Nothing takes him away from himself, nothing comforts his unstable, knowledge-filled, senseless mind, like nature. He had already left camp in Yellowstone, walking just eighteen miles to study a group of elk. And in less than two weeks his 14,000-mile[4,000 km]voyage will culminate when he leaves the Secret Servicemen behind and embarks on a triumphant march with the great spokesman and conservationist John Muir. The trip to Yosemite will long be remembered as the most famous voyage since Jesus spent 40 days in the wilderness. Think of it. The president of the United States is sleeping outside under the stars with a well-known environmentalist in the country. Much from the night is small but we know that the president objected to what the bird knew and that the prophet doubted the bloodshed of the president as a hunter. But I wonder what else happened when he stared at the fire and spoke? Perhaps the form of osmosis affected Roosevelt. Perhaps the idea that the desert was important, not only for human purpose, but for themselves, began to grow.

That the seed of this knowledge, of this love, already existed is certain. All you have to do is go back and read the man’s sentences. Not jingoistic, chest-beating, American rants for the first time or a bloody description of things. But the word in the middle. White sentences describing the tranquility of an early morning or morning filled with the sound of birds chirping, or a simple description of a North Dakota Badlands nightclub: I slept and slept until the evening shadows filled the wild and beautiful valley I had built. This was the first time, because the valley was narrow and the mountains on both sides were high and tall.

Theodore Roosevelt discovered it, something that few people, and no other president, understood and felt the same way. The danger that there are countries beyond the human world. Muir probably helped him change, but Roosevelt already knew. He must have been a dictator, a tyrant, a failure, bound by the prejudices of his day, but in this case he was different. To say that he was ahead of his time would be an understatement, since many ancient thinkers, especially many Indians, held similar views in the past. But whatever he does wrong, in this way he is probably out of his time, and his culture. Not by hugging hunting or climbing mountains or climbing birds, all that was advanced (and becoming part of it for her). But in the beginning something deep. The idea that there is a world out there that doesn’t really care about the grid that lives on top of it. The natural notion that we are one animal in a multicultural world, equal happiness, and freedom, which people can only feel when they leave on their own and understand this.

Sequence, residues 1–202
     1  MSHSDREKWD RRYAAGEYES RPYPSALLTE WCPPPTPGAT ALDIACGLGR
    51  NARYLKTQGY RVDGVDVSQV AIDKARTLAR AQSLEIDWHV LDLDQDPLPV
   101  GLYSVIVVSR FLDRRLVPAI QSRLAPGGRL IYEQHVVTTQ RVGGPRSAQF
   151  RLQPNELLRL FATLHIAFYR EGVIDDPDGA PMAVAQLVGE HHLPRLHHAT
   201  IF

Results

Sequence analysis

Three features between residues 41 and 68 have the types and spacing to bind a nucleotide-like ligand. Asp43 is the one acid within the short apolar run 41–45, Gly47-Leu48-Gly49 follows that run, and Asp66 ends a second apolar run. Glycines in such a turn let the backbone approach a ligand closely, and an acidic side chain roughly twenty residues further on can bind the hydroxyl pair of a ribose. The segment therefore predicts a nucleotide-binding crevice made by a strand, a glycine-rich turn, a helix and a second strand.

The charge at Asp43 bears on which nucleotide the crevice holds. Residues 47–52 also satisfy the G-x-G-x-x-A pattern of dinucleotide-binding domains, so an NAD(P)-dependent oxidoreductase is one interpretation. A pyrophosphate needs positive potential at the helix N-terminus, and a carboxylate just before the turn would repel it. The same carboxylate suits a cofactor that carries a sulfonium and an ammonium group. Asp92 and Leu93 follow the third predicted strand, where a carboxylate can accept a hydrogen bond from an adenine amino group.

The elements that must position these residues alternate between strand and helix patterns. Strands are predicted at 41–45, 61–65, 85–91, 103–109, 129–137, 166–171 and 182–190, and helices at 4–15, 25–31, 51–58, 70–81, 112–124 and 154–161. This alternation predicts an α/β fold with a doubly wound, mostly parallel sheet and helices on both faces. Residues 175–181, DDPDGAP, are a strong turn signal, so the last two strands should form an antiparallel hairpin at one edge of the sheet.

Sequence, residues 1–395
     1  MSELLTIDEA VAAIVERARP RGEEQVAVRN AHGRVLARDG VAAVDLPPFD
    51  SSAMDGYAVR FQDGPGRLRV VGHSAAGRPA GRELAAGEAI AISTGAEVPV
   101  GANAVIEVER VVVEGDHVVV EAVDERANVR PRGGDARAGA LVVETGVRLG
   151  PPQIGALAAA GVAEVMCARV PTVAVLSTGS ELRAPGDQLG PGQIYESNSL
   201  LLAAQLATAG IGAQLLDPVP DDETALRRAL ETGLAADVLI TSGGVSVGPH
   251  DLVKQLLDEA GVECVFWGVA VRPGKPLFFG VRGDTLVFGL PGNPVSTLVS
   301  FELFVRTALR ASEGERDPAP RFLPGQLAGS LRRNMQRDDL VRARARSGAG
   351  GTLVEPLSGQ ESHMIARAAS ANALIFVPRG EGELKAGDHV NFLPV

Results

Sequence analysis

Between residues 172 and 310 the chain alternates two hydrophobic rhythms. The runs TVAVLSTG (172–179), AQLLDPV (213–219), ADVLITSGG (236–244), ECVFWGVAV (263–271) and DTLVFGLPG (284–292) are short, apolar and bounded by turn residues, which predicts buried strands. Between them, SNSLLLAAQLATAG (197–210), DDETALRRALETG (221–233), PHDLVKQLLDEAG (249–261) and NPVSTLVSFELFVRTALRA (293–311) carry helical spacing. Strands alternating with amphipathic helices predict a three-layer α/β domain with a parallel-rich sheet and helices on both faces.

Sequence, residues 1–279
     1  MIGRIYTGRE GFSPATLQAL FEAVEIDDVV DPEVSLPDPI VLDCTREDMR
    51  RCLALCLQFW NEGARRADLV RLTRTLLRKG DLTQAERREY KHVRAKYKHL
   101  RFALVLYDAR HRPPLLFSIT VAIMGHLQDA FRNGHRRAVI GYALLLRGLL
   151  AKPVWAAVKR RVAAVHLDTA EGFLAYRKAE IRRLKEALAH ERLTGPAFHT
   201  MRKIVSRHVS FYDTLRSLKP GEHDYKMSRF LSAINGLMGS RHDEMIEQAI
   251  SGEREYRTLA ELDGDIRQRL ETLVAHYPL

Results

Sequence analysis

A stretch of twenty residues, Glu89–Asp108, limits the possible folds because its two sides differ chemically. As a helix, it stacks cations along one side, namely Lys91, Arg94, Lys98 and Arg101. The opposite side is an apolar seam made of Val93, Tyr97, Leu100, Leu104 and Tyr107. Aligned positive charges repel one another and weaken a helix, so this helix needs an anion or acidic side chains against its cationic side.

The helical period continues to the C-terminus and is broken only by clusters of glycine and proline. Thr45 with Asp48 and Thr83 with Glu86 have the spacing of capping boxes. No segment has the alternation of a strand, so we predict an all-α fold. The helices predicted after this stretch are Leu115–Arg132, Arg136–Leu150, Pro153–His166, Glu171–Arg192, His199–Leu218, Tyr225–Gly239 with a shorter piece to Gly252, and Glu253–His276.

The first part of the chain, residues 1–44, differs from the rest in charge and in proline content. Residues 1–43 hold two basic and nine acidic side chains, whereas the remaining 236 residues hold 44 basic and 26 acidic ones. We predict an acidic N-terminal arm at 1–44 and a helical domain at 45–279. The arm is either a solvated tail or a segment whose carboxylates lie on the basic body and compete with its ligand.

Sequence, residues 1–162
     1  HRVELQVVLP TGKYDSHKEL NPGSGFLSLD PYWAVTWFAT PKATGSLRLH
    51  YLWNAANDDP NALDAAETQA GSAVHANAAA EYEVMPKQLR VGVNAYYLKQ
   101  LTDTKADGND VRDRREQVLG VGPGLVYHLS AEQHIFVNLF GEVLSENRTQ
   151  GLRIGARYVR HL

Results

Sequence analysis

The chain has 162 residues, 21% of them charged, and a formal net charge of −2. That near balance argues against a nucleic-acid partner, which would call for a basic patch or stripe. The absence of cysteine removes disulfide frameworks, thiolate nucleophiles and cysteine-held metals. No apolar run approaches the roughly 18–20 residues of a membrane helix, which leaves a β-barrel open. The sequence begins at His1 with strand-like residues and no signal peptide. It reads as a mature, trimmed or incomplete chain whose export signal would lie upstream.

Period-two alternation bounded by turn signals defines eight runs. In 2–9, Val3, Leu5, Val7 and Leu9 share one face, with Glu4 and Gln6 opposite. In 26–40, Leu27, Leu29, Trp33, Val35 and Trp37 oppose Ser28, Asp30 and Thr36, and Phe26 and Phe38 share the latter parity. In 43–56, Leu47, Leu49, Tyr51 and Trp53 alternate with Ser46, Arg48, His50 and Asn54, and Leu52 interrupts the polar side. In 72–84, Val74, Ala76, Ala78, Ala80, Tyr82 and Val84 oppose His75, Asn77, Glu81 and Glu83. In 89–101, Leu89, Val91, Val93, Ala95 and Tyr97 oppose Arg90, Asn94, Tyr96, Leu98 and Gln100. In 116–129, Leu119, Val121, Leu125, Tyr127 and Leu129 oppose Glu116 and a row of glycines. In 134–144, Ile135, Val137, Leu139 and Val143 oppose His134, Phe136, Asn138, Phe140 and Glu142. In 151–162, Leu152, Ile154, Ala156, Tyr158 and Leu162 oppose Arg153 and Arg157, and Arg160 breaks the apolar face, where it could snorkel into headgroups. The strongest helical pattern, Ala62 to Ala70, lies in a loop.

Perhaps this gives Roosevelt more credit. Other than that, they often respond to the beautiful things they see in nature by killing them. And his interest in the world was realized thanks to his interest in Theodore Roosevelt. So let me repeat what I said before, very humbly. The man had a gift for going abroad.